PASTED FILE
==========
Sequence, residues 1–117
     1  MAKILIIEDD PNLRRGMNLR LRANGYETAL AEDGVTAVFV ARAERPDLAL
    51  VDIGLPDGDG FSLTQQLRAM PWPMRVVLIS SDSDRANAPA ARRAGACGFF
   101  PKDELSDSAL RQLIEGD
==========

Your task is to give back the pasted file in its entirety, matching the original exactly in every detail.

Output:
Sequence, residues 1–117
     1  MAKILIIEDD PNLRRGMNLR LRANGYETAL AEDGVTAVFV ARAERPDLAL
    51  VDIGLPDGDG FSLTQQLRAM PWPMRVVLIS SDSDRANAPA ARRAGACGFF
   101  PKDELSDSAL RQLIEGD